Inside a NASCAR Cup Series team hauler is a lot of precious cargo. You can find things like tools, fire suits, electronics and of course, race cars.
Some new cargo is being transported on the No. 24 Hendrick Motorsports this season, and it’s just as precious for William Byron. So much so they have a locker of their own in the lounge of the hauler.
In there, you’ll find the NOGGIN Boss — or those oversized hats you’ve seen Byron wear twice this year after winning at Las Vegas Motor Speedway and Phoenix Raceway.
“I saw Josh Allen was wearing it in his postgame presser on Thursday Night Football and was like, ‘Man, that’s kind of goofy, funny and cool,” Byron said of the Buffalo Bills quarterback. “I might have seen it another time, but I don’t remember where. But with Josh in that was the first time I was like, ‘This would be a really fun idea to do for a win.’”
By January, Byron had planted the seed with his team race, which put his PR representative, Ashly Ennis, to work. Demand for the giant hats was so big after the college football national championship game that the first NOGGIN Boss — with a RAPTOR logo — arrived at the team hotel a day before the Busch Light Clash in the L.A. Coliseum.
However, Ennis was soon getting one made for every primary sponsor Byron’s Chevrolet features. Phoenix was the first race with Valvoline as the sponsor, and that hat was personally delivered to the hotel since the company is based there.
But NOGGIN Boss is not for everyday use. Byron was adamant he would only wear them for a race win.
“So, if we don’t win, it sucks,” he laughed. “If we win, we’ll get to use them. That was my rule. I hoped it would happen at the Clash; that would have been ideal. Or Daytona.
“Then Noah [Gragson] wore one of the grid at Daytona and I was like, ‘Oh man, this is throwing a wrench in my plans.’ But we still did it and it was memorable.”
NOGGIN Boss has become an official licensee of Hendrick Motorsports, the first NASCAR team to have an agreement with the company. Ennis now has six NOGGIN Boss hats in her office space, which are rotated into their locker depending on which sponsor is on the car.
“We could potentially reach 10 with the goal being to have two of each partner,” she said.
Multiple hats are needed. Not only did Byron wear it after the Phoenix win (pictured, top), but he also got Jeff Gordon to wear one in victory lane. Shortly after that, they were for sale to race fans.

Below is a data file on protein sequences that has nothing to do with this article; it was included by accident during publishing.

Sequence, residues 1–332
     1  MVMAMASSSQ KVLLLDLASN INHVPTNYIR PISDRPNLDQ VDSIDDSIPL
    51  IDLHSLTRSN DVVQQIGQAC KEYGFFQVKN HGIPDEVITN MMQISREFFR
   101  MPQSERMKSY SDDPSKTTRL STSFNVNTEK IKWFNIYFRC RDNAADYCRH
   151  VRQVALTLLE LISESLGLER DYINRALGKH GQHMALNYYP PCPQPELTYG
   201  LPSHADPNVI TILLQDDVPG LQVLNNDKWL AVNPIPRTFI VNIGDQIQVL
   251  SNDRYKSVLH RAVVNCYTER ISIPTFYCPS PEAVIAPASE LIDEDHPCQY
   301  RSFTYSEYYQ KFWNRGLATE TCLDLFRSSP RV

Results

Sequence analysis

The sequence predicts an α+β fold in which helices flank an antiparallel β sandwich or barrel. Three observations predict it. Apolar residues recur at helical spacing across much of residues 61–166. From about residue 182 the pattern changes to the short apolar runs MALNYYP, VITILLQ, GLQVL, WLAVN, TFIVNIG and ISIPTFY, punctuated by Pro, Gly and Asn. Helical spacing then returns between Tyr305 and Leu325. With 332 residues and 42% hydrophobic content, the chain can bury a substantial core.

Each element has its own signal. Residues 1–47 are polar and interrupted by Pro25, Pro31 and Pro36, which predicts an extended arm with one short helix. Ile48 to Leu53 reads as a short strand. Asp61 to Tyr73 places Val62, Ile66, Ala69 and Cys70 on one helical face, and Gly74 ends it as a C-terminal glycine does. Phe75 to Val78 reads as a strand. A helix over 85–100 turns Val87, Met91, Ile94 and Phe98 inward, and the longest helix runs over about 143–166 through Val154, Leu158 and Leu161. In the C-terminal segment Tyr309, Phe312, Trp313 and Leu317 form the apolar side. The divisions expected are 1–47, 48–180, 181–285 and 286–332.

Byron is well aware the hats have taken on a life of their own.
“It was fun,” he said. “I thought when we got out of the car at Vegas with it on, it was pretty goofy. I thought, ‘Man, I feel like a ham.’ But that was good. It’s good to make fun of yourself sometimes. I think Rudy [Fugle] was up in the air on it, but by Phoenix, he came around when he saw it again.”
Byron pointed out it’s all about having fun, and it’s not unfamiliar for a Hendrick Motorsports driver to do so. Jimmie Johnson donned a rainbow wig in driver intros and victory lane at Dover for a movie on his car, and he and his team wore giant foam ring hats after his sixth Cup Series championship win.
“It’s just something new and different,” said Byron. “I feel like victory lane is so boring sometimes because it’s the same thing with confetti and hat pictures. You’ve got to change it up.”
NOGGIN Boss has created some funny moments. The first hat was too big and covered most of Byron’s face, which led to some ingenuity with padding to make them all fit well.
There is also a process to getting the large hat to victory lane.
“We have an account executive at the track every weekend who will assist with victory lane,” said Ennis. “So with a handful of laps to go, they will station themselves at our team haulers, and as soon as the race ends, they not only grab the full organization hat bag, but in this case, they also grab the NOGGIN Boss hat from its locker.
“Once in victory lane, they hand it off to me, and I get it to William and for any photos that it’s needed.”
There is also a process of how Byron gets the NOGGIN Boss on because, as he learned after the first win in Las Vegas, trying to get out of the car wearing it doesn’t work. In Phoenix, it was handed to him, and one of his crew members helped put it on his head before he stood on the window.
The key is to duck out of the car and get the hat on before he emerges over the top of the car.
“But not get too ducked out or else it falls off,” he laughed. “Ideally, you’d have it for your start/finish line interview, but unfortunately, it doesn’t fit in the side pocket (in the car). I keep all my other belongings in the left side pocket, but that one is tough.”
As long as Byron doesn’t feel weird, he will keep NOGGIN Boss around for a while. The fun part for Byron is seeing how fans have taken to the large hats.
“I think people like them,” he said. “There was a guy in Phoenix that had one. I don’t know what it said, but he had one, and he said he was going to see me in victory lane, but I never saw the guy. So, I was bummed about that. We could have had a great selfie.”